Well, no wave of animal movement but the experience was pretty incredible anyway. We were floating for over an hour about the Masai Mara and toward the end the captain was a bit concerned because in front of us were lots of trees and not a very large landing area before we would cross the river. That might seem like a small issue, but if we landed on the other side of the river then the driver of our jeep would need to drive about 90 minutes just to get to the first bridge that would enable them to come get us. Then it would be a 5 hour drive back to camp. So, we ended up landing just short of the river and all was safe.
The jeep picked us up and we drove about 35 minutes until we got to our breakfast set up. I asked the driver if the balloons ever land where the breakfast is set up and he said it happened the day before. Andrew told us he needs to decide where breakfast is set up before we leave the ground, so he has no idea what the conditions will really be like so we ended up a good 5 – 6 Km from our breakfast site. That might sound close, but there are no straight roads in the park so it took us a little while to get there.
The breakfast was a huge spread. We all had lots to eat and got to speak with some of the other balloon participants. There was a family of 10 from Texas that was very nice, as well as a film crew that interviewed both Drew and Noah for a show that will air in South Africa soon on the wildebeest migration. We will see if their interviews make the final edit. We also spent some time speaking with Andrew about his company, which he started here in the Masai Mara in 1993. He lives in a tent just outside the park and has been doing this just about every day for close to 20 years. Interesting business and he seems to enjoy it.
Our drive back to Siana Springs was about 2 hours with a small traffic jam in the park. The only road we were on with ditches on both sides was only able to fit two cars wide and some people stopped to look at something, we believe it was a cheetah. We sat there for the next 15 minutes trying to get through. In the end we had to back up a good 300 yards to get onto a parallel road and drive around. There must have been 40 vans right there and I don’t believe it was anything really worth seeing. Either way, we are back at camp relaxing and everyone is looking forward to getting home.
‘Til next time ……
When you do your first 10 hour game drive it is totally invigorating, then when you do your second 10 hour day it is still engaging, but the third day is just a long day. We continued to see animal after animal and headed to the river straight out in the morning to see the wildebeest crossing again. It took us 3 ½ hours to get to the river and there were only a few animals around. Our driver called some friends and they told him that there was a big crossing about 60-90 minutes away so off we went.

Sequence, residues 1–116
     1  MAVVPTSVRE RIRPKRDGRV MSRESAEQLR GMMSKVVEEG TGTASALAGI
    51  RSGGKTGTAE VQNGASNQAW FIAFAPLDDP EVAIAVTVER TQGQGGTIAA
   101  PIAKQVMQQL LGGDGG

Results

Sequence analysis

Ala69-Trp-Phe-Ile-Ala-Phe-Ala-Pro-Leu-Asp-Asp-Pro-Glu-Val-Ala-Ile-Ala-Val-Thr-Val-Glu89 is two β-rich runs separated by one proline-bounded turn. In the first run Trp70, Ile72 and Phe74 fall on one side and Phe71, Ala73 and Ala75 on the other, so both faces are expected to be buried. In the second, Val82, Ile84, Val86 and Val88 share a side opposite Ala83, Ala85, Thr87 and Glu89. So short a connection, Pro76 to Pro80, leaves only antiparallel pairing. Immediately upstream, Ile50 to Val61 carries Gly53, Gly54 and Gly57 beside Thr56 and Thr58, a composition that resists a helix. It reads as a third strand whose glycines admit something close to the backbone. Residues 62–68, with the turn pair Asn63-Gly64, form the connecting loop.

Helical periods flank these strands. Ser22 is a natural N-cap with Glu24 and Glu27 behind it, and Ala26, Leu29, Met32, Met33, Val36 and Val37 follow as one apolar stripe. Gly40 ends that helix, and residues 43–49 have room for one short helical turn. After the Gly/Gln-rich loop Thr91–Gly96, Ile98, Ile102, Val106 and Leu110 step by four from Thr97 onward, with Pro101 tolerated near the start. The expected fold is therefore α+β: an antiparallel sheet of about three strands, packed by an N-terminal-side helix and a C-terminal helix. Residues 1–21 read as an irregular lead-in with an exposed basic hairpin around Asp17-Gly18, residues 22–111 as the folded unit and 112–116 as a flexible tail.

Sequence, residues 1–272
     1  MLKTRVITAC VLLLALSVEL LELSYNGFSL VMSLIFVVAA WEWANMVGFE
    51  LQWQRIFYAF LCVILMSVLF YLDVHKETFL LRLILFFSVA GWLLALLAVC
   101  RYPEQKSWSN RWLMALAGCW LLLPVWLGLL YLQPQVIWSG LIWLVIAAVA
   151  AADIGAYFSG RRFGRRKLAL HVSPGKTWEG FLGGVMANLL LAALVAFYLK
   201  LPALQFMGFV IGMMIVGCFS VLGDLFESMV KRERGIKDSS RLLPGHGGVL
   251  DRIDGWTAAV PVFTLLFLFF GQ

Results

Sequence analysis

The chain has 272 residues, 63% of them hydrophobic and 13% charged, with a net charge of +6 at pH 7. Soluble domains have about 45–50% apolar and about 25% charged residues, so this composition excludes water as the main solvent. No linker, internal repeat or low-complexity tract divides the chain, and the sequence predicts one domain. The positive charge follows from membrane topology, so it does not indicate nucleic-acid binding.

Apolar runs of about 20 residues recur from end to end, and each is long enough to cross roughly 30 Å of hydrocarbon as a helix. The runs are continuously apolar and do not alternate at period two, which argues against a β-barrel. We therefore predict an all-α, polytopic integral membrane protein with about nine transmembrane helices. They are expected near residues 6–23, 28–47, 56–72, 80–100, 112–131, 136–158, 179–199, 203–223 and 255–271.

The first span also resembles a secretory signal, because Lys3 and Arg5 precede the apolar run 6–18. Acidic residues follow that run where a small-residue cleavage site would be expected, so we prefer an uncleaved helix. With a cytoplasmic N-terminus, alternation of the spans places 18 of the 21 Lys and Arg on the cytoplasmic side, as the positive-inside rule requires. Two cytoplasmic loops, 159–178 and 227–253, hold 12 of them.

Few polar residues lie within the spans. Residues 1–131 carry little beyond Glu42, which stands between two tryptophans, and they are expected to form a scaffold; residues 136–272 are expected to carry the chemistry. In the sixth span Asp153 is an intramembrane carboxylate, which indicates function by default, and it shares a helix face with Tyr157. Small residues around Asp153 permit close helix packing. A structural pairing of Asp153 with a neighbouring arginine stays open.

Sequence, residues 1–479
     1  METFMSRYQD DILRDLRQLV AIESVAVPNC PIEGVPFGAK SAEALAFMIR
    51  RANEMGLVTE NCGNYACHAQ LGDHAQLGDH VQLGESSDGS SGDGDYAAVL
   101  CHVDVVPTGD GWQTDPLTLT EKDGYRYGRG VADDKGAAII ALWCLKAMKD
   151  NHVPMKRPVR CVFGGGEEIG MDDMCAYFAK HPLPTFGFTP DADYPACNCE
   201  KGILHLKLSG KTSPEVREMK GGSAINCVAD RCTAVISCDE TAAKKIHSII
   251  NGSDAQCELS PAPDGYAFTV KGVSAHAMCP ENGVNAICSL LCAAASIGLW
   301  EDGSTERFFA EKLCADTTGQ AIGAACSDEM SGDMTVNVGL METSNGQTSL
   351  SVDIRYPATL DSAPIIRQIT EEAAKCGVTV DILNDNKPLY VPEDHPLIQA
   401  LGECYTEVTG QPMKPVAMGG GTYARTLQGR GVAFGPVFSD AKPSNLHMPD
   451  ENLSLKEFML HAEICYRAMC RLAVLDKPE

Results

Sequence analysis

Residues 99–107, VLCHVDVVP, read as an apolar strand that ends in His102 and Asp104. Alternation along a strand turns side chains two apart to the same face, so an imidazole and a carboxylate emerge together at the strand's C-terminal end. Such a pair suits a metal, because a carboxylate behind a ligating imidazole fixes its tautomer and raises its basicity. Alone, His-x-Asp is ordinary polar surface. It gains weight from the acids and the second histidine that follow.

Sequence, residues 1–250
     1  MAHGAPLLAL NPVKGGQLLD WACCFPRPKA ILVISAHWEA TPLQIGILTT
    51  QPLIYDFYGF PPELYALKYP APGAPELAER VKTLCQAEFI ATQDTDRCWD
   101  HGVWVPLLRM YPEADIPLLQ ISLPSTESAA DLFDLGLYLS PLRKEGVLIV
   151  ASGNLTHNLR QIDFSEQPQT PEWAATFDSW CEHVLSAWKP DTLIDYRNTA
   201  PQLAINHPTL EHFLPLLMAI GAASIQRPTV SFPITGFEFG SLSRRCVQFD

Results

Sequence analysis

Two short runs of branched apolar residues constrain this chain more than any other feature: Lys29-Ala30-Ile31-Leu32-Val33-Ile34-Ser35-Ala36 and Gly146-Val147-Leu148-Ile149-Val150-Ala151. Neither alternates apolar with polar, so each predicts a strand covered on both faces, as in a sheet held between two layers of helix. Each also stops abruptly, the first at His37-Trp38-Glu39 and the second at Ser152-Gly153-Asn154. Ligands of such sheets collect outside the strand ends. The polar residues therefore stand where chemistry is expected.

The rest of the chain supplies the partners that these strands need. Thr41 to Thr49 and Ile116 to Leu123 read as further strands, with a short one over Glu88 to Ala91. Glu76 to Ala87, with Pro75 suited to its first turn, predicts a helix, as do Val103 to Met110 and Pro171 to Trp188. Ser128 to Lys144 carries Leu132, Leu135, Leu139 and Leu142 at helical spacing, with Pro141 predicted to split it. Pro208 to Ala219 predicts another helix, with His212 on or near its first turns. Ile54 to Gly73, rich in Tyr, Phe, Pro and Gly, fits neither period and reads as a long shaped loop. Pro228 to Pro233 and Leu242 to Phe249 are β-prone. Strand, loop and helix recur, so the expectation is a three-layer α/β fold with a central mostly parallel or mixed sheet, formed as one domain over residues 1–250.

All totaled we were in the car for about 5 hours before we parked to see the zebras and wildebeest cross the Mara River. We watched for over two hours and saw a few crocodiles swim right past the zebras and wildebeest. We were waiting for a kill but we didn’t see one. There were at least 10 crocs within ¼ mile of where these animals were crossing but they must have all been full, no one attacked the hundreds of animals that crossed the river.
On our drive out we saw the cheetah with the four cubs and got some really great pictures. In addition, we spotted our first leopard, leaving the rhino as the only main animals we have yet to spot. On our way back we saw a pride of over 10 lions resting in the bushes and tons more zebra, wildebeest and antelope. David tried to reduce our ride home so we exited the park near the river and drove on side roads for the majority of the ride back. All totaled we were in the car for 10 hours again and the sun was hot.
Tomorrow will be our last day in the park. We have a 4 AM wakeup call for our balloon ride then we will come back to the camp for the afternoon. We will end our trip with an evening game drive in the conservancy, so that should do it for our animal watching. This trip has been more than I imagined, and I had some pretty high expectations. The weather has been absolutely perfect in Kenya. We have not had any rain and the clouds in Masai Mara have been breathtaking.
As for future trips, I have always said that once I go someplace it is time for a new destination next time. As for Africa, I am not sure I need another safari but I can see myself coming back to Uganda and/or Kenya for my non-profit efforts. The need for the knowledge and experience we have is deep and most of the people I have talked with would like our assistance. My biggest questions still lie around what is best for their culture. I understand what we have accomplished in the west, but will that make their life that much better? Is industrialization what they really need or are they better off in some ways without us? Lots of questions without any answers just yet. Still lots to learn, but a great start on this portion of my journey.
‘Til next time ……
We planned an early game drive yesterday so we could return to the camp for lunch and rest for a while before we took part in a Sundowner. On our drive back to camp around 12:30 PM we received a call from our safari company stating that they made a mistake and the sundowner that we planned our entire day around was a typo in our itinerary and not included in our package. We were about 10 minutes from camp and a good 60 minutes from any animals and Ilise, my brother and I were not so thrilled with the phone call.